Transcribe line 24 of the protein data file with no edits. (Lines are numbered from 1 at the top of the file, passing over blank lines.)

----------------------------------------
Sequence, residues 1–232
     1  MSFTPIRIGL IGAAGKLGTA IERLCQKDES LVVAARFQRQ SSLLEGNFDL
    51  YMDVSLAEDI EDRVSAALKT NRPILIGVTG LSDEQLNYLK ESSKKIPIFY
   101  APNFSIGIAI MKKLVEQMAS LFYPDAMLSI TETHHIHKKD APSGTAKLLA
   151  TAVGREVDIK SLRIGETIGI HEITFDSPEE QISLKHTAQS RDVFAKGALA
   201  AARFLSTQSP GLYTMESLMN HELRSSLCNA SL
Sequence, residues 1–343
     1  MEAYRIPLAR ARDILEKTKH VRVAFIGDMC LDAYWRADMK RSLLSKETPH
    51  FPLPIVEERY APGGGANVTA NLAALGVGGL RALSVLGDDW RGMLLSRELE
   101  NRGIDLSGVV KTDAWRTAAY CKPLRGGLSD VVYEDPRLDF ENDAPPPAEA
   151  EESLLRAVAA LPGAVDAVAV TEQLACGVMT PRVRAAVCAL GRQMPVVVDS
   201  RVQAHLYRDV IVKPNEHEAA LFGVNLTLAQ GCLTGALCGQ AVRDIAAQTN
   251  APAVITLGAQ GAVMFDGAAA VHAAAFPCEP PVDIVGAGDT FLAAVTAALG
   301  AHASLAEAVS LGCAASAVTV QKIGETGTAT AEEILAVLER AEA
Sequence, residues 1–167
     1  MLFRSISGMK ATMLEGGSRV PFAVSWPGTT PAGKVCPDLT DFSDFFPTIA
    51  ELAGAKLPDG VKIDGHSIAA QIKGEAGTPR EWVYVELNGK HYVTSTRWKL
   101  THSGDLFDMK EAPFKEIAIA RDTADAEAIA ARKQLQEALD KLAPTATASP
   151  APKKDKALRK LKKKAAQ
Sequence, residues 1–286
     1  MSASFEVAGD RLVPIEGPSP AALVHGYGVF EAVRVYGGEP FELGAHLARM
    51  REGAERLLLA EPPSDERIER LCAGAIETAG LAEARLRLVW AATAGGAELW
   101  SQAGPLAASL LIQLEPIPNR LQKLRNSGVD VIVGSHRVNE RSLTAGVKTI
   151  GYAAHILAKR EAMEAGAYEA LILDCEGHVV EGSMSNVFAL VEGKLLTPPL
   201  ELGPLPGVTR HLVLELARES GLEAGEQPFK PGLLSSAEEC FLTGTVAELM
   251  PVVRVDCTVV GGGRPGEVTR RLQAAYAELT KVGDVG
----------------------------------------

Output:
   151  GYAAHILAKR EAMEAGAYEA LILDCEGHVV EGSMSNVFAL VEGKLLTPPL